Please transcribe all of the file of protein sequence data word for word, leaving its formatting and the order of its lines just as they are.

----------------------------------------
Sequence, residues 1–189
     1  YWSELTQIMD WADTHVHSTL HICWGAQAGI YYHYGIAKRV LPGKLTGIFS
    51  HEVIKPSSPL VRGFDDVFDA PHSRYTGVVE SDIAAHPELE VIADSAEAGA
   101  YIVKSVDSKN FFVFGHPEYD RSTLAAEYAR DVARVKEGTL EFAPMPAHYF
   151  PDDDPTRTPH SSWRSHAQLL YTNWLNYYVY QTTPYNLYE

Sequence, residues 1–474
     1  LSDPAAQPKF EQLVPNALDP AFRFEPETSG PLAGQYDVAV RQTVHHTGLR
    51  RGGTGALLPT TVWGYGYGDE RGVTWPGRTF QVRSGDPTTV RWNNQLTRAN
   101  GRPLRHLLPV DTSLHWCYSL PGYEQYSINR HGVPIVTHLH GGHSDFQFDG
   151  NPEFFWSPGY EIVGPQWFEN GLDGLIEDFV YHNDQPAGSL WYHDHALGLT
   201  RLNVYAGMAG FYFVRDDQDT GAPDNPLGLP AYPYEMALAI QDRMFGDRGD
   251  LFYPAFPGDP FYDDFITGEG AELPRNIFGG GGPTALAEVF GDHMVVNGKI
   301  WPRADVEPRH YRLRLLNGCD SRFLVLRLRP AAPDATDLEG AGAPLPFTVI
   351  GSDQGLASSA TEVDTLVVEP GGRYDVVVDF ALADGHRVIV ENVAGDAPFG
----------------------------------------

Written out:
Sequence, residues 1–189
     1  YWSELTQIMD WADTHVHSTL HICWGAQAGI YYHYGIAKRV LPGKLTGIFS
    51  HEVIKPSSPL VRGFDDVFDA PHSRYTGVVE SDIAAHPELE VIADSAEAGA
   101  YIVKSVDSKN FFVFGHPEYD RSTLAAEYAR DVARVKEGTL EFAPMPAHYF
   151  PDDDPTRTPH SSWRSHAQLL YTNWLNYYVY QTTPYNLYE

Sequence, residues 1–474
     1  LSDPAAQPKF EQLVPNALDP AFRFEPETSG PLAGQYDVAV RQTVHHTGLR
    51  RGGTGALLPT TVWGYGYGDE RGVTWPGRTF QVRSGDPTTV RWNNQLTRAN
   101  GRPLRHLLPV DTSLHWCYSL PGYEQYSINR HGVPIVTHLH GGHSDFQFDG
   151  NPEFFWSPGY EIVGPQWFEN GLDGLIEDFV YHNDQPAGSL WYHDHALGLT
   201  RLNVYAGMAG FYFVRDDQDT GAPDNPLGLP AYPYEMALAI QDRMFGDRGD
   251  LFYPAFPGDP FYDDFITGEG AELPRNIFGG GGPTALAEVF GDHMVVNGKI
   301  WPRADVEPRH YRLRLLNGCD SRFLVLRLRP AAPDATDLEG AGAPLPFTVI
   351  GSDQGLASSA TEVDTLVVEP GGRYDVVVDF ALADGHRVIV ENVAGDAPFG